Top 3 Sales Lessons from Tchaikovsky’s “The Nutracker”


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If you attend a performance of the Nutcracker or simply listen to some of the suite during the holiday season, one of the selections you’ll hear is the “Dance of the Sugar Plum Fairy”. Perhaps you can’t match the music to the title but I’m sure if you listen to the first 30 seconds of this version you’ll recognize the melody regardless of your religion or ethnicity.

Even though you’ve surely heard it before, can you identify the 4 primary musical instruments at the beginning of the selection?

In this version, you’re hearing the glass harmonica, while most orchestral versions and performances feature the celesta, oboe, bassoon and flutes. Can you hear them?

As much as the “Dance of the Sugar Plum Fairy” sounds familiar, your salespeople find familiarity in the sounds, questions, comments and discussions on their sales calls. As much as you might not be able to distinguish the specific instruments creating those sounds in “Dance…”, your salespeople may not be able to distinguish the credible comments and questions from the noise on their sales calls.

During a first sales call, suppose your salespeople hear one prospect say, “This has been a very interesting and productive conversation and we might have some interest in this.” And another prospect at the same meeting says, “We’ll get back to you next month and let you know what kind of progress we’ve made.” And a third says, “In the mean time, please send us a proposal with references and timeline.”

Lesson #1: (based on Objective Management Group’s data) Out of every one hundred salespeople:

  • seventy rush back to the office to begin work on the proposal and tell their bosses that the large opportunity they are working on is very promising – all three prospects in the meeting were very interested;
  • nineteen leave the call and make two entries in their journals – “propose” and “follow up” – and they do both in due time;
  • eleven are still at the meeting and asking more questions.

Lesson #2:

  • Prospects’ voices are like musical instruments. Each instrument in “Dance…” has a specific role in the performance. If the wrong instrument or notes are played or they are played at the wrong time, the entire selection is ruined. Prospects’ comments in the scenario above have different meanings depending on their business titles and their roles in the buying process.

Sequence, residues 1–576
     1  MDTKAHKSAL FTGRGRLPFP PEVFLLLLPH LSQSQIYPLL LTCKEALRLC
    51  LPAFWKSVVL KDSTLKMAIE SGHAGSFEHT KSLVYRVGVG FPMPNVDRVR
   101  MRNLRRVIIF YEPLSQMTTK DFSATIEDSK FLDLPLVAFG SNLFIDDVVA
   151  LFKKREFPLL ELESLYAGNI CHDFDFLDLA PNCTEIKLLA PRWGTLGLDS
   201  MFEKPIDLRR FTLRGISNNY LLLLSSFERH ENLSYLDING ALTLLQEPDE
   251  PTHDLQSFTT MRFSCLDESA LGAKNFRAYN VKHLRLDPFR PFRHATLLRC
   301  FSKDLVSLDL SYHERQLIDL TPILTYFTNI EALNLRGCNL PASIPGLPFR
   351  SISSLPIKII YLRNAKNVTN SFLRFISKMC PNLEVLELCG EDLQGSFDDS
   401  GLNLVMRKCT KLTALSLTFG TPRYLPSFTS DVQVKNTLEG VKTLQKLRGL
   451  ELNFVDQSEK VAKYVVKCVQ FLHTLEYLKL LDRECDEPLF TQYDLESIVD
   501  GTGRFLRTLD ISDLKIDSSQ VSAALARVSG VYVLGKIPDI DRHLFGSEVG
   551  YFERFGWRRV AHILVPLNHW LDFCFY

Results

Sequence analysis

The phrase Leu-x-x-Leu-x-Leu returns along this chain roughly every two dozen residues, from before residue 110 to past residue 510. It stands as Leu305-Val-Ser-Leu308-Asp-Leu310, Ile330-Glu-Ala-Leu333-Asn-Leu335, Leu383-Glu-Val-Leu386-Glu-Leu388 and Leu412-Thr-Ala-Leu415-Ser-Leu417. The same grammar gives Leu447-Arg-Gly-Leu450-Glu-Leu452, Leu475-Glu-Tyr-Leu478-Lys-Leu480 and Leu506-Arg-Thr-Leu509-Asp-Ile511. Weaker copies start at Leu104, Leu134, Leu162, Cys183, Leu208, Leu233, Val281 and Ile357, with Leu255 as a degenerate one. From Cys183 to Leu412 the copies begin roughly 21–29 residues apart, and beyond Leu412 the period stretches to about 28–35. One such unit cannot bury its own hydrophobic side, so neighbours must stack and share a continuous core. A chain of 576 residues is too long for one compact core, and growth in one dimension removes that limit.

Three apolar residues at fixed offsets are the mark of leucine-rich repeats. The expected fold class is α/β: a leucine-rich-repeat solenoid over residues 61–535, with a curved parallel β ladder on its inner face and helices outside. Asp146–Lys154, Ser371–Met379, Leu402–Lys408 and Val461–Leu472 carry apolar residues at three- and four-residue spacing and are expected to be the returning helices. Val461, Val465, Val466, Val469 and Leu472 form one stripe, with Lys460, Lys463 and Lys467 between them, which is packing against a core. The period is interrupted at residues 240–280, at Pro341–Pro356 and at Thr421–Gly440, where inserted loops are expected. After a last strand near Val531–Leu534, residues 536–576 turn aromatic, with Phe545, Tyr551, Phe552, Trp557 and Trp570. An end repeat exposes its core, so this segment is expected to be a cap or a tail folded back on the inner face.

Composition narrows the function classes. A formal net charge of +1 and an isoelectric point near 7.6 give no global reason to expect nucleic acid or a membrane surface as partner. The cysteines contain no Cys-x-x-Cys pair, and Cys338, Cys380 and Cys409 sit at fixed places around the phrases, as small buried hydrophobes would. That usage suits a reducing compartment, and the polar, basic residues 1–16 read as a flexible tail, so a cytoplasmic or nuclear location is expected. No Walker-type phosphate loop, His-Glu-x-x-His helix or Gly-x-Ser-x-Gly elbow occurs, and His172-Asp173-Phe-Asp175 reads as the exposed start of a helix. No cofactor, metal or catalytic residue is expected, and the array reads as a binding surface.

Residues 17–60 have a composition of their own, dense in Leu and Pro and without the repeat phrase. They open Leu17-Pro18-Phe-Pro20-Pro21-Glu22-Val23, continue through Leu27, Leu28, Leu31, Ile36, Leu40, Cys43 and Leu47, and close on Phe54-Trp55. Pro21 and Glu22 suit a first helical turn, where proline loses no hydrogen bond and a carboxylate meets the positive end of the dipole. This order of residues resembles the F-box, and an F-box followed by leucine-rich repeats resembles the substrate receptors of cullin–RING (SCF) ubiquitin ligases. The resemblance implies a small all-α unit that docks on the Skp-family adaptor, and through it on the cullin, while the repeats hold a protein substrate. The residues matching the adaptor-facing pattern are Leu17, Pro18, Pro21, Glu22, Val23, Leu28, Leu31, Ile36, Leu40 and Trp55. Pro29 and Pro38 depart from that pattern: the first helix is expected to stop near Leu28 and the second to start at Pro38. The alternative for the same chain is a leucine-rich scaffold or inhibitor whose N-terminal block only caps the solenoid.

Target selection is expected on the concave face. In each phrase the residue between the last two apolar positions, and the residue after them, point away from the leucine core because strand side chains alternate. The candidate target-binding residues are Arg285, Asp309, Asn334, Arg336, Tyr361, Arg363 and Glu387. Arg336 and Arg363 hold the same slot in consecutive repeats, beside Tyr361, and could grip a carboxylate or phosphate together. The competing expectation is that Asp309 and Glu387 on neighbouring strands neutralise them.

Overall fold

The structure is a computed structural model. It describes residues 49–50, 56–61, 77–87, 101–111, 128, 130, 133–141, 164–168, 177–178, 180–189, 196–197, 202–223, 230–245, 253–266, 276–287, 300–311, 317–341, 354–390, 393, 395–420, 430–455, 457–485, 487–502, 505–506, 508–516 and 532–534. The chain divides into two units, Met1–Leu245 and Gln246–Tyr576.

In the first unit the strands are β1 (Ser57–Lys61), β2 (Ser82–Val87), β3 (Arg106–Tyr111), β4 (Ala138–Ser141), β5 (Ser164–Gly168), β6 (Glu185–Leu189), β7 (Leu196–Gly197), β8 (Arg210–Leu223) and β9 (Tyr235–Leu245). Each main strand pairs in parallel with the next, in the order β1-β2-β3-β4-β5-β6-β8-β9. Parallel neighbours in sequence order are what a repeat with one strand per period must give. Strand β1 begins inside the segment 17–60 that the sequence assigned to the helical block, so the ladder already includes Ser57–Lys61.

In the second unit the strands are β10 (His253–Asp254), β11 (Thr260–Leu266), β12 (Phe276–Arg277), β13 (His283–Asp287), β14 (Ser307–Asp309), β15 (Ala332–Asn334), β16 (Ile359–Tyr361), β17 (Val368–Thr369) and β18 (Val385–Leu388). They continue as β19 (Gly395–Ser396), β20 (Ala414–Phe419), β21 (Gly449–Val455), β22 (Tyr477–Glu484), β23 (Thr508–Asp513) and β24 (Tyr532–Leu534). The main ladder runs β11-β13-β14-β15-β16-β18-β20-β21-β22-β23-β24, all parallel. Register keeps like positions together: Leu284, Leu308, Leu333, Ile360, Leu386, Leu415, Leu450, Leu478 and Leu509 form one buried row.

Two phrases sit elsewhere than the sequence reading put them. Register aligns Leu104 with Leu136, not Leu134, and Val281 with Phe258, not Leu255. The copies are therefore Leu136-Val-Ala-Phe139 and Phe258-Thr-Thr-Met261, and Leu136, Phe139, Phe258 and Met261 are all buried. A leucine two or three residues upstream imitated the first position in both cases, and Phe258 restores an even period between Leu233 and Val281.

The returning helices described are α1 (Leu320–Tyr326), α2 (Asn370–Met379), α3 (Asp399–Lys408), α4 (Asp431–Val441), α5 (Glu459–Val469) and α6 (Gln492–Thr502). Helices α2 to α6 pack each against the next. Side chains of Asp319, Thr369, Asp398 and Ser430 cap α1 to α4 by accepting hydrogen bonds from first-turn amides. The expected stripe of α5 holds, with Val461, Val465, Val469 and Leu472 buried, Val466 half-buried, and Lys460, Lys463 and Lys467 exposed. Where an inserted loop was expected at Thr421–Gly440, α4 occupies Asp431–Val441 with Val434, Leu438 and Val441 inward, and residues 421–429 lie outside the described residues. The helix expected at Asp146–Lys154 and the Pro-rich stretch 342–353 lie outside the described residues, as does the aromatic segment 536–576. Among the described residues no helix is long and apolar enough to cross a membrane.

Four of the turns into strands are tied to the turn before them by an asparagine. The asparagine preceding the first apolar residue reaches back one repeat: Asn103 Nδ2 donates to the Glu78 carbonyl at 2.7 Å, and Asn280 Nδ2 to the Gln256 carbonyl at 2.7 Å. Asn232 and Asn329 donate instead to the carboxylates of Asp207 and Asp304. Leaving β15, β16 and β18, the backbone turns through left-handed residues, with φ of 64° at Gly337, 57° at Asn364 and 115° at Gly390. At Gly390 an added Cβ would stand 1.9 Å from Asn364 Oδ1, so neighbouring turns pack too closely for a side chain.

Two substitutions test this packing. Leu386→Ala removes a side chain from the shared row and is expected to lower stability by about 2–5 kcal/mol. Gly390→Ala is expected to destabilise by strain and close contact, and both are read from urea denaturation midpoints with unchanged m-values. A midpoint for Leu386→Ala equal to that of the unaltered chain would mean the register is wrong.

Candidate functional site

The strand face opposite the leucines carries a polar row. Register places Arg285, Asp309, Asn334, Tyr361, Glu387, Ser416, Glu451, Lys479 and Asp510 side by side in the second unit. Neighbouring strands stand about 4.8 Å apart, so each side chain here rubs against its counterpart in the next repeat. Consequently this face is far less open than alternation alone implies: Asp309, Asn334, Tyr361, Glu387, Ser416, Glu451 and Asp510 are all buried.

• If “please send us a proposal” or “we’re interested” or “very productive” are spoken from an Executive – the CEO, President or VP of something – it has far different meaning than if the comments come from a buyer in procurement.
  • When any of those three comments are spoken by a user – an engineer for example – rather than a buyer or an Executive, the comments may be far more genuine, but carry much less authority.

Lesson #3:

  • Sometimes, it’s more fun (for me) to listen to a song, symphony, or simple melody and figure out how and why the composer or arranger selected the particular instruments to play the particular parts of the selection.
  • Your salespeople must apply that wonder and analysis to their sales calls. The prospect may be the composer (started the initiative), arranger (selected the vendors to talk with), director (charged with the initiative and conducting the process) or musician (following directions of the conductor). It’s the salesperson’s job to figure out who they’re dealing with, what role they play, what influence they’ll have, and how to get all of the various players aligned on the compelling reasons to buy and your ideal solution.

Homework Assignment – Return to Lesson #1 and answer two questions.

Which of the three sales outcomes do your salespeople typically find themselves doing?

What are the additional questions that eleven salespeople stay and ask?

Republished with author's permission from original post.


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